Thereafter he did go into training and only because a friend of Kevinís cut him a huge favor and agreed to
break and train him in Ocala, Florida. He made it through with flying colors and went to Maryland to train with Mark Shuman.
Everyone agreed he had "Amazing FeetĒ and that it was an "Amazing Feat"
that he was even sustaining the rigors of training. He won his 2nd start in a Maiden Allowance Race in Pennsylvania, beating several
horses that went on to be very productive race horses. Unfortunately because he was such a hard trier and put it all down on
the track he needed a break. The stable brought him back to California for
rest and rehab and he then returned to the races in December 2009. He was a shadow of his former self.
After two comeback races, he got worse with every race.
He was sold to a trainer at Portland Meadows in February 2010. He's been there ever since and raced over 20 times at Portland Meadows.
It was time to stop on him. How did he keep racing and enduring? His past performances show that he was raced an
incredible five times in one month alone between June and July of 2011 and that three of his races were only three days apart.
How did ďAmazing FeatĒ not break down with such a toll?
Portland Meadows is not known to be a glamorous racing venue. In fact, horses that donít make it at the Southern California
venues and then are shipped to Golden Gate Fields and donít make it there are then shipped even further northwards to
Portland Meadows and closer to the processing plants across the border into Canada. Thatís where Amazing Feat spent the last
two years going ever more downhill. Still, the owners did not want him to retire even when presented with a buy offer.
In fact, several offers were presented until they called back and decided to let us have Amazing Feat for $1,000.
Finally all negotiations were concluded and we were ready to receive him. He was transported shortly after Christmas to our northern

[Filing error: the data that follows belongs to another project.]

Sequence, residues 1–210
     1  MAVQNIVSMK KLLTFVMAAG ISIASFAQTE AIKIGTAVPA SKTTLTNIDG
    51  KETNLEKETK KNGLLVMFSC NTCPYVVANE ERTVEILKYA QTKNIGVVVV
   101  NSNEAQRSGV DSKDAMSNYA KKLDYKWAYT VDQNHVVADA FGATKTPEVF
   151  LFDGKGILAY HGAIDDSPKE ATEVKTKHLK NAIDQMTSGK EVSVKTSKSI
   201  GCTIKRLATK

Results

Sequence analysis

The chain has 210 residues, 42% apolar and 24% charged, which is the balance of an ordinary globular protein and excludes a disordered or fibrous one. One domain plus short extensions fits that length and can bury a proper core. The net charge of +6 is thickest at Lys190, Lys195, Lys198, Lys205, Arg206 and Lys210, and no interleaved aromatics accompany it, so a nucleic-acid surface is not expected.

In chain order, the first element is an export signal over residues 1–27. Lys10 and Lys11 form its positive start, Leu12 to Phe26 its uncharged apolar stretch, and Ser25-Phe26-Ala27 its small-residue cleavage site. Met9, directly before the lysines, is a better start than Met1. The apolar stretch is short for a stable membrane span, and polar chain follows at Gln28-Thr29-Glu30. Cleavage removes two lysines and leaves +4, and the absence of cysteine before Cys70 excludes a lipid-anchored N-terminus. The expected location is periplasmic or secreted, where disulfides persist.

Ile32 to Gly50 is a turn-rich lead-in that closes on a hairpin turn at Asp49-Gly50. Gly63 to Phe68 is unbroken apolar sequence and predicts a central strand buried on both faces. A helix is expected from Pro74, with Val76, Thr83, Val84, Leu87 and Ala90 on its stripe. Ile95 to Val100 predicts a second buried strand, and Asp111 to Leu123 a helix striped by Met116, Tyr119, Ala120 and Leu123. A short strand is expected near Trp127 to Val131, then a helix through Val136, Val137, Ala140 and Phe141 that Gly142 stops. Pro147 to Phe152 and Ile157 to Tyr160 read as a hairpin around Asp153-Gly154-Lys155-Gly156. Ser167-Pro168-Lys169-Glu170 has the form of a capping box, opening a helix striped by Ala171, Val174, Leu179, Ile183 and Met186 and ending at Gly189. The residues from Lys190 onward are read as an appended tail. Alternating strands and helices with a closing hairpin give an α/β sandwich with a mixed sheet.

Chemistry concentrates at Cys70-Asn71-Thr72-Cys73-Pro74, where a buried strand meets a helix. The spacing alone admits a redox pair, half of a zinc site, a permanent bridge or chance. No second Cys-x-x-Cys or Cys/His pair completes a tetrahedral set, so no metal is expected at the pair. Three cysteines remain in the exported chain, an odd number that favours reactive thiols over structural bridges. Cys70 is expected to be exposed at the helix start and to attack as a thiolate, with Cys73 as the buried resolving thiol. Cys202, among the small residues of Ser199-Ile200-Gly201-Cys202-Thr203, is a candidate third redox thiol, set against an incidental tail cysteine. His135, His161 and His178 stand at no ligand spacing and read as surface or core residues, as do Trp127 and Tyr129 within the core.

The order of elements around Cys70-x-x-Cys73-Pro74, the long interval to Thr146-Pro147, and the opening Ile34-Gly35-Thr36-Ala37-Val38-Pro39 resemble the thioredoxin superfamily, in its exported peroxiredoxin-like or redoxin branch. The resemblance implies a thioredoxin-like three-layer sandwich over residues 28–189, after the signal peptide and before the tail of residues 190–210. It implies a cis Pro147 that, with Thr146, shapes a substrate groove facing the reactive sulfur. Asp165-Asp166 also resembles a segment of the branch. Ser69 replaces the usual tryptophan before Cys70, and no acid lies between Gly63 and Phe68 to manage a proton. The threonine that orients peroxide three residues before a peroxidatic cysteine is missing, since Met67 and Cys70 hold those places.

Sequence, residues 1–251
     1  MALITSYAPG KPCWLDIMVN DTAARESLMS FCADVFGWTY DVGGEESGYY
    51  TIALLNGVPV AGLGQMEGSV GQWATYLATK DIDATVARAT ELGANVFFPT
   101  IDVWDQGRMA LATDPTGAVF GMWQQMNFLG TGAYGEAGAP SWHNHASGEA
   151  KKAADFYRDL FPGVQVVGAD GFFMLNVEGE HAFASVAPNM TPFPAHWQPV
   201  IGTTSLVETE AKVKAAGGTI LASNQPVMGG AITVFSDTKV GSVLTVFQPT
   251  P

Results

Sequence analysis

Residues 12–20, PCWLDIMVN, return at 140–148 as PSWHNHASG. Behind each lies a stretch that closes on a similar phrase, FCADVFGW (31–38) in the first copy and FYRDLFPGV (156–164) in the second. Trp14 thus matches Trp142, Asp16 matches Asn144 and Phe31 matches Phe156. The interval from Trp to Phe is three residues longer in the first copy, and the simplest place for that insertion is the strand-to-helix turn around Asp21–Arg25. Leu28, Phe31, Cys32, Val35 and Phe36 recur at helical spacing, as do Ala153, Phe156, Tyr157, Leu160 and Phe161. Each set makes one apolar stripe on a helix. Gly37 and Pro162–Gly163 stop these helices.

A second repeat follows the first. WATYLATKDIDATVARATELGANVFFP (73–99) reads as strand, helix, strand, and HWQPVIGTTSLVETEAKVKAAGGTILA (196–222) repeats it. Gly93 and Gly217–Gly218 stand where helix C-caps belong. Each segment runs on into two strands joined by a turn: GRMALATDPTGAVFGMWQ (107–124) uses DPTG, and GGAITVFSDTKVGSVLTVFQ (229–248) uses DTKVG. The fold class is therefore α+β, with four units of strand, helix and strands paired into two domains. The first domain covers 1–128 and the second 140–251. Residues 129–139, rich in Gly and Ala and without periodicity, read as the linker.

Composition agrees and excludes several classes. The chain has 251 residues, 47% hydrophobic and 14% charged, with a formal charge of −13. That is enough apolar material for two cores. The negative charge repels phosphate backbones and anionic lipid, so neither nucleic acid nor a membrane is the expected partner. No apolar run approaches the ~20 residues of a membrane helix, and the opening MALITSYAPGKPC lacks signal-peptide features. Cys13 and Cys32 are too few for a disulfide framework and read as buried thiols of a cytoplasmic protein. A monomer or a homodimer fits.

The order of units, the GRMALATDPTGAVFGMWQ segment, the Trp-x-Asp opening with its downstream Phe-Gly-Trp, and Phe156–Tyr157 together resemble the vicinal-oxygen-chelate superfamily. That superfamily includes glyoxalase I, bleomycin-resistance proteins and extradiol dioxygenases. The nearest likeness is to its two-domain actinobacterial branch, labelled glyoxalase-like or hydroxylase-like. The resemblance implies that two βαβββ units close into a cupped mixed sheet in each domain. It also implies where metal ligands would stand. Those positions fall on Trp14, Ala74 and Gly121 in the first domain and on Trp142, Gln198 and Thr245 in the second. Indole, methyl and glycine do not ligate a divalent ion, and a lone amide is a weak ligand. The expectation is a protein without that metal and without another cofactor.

California rehab facility in the Sonoma redwoods near the Sea Ranch. There he has a large paddock with green grass to munch
on and 24-hour hay as well. Nothing will be asked of him and he can just be a horse-- eat, sleep and gain weight.
It was heartbreaking to see him look so haggard and thin but even in his bad condition he was still the friendliest of sorts, coming up to nuzzle me
and stand quietly next to me. We donít know his prognosis but are hoping for the best. Even in his poor condition, he is very
handsome with a very fine and noble head. Someone wrote he looks a bit like the horse in ďWar HorseĒ and indeed he has been put
through the battle and somehow survived.
Our thanks go out to Kevin Zietz of Horsing Around Stables, LLC and his connections for sending in donations and to Louise Thanos for her commitment
to help sponsor Amazing Feat who we have given the barn name "Teddy" and everyone that has made a one time donation to help this deserving gelding.
Update: January 2012
Teddy is already gaining weight and seems to be walking sounder. He is enjoying being out in pasture and not having anything asked of him. Louise and Karin
intend to drive back up the coast in late February/early March to check on him personally. At that time we will take new photos.
Update: July 2012
Teddy was moved to Hossmoor and now looks AMAZING. He is easy to handle and very good on trails. Teddy loves to get out in the world and to
explore his surroundings. He is a hard trier and a people pleaser. Anyone
who adopts this guy will get very lucky. Teddy has gained so much weight and his coat now gleams like a bright copper penny in the sun. He is so happy and content and
recently has started eating red licorice as a treat.
Update: September 2012
We are totally devastated and shocked by the sudden death of Teddy from an acute case of colic on 9/29/2012. He was not a candidate for surgery. Teddy was a personal
favorite in our program. He loved everyone he met, especially people who had treats for him. He will be missed more than we can put into words and we are
so heartbroken by his sudden passing.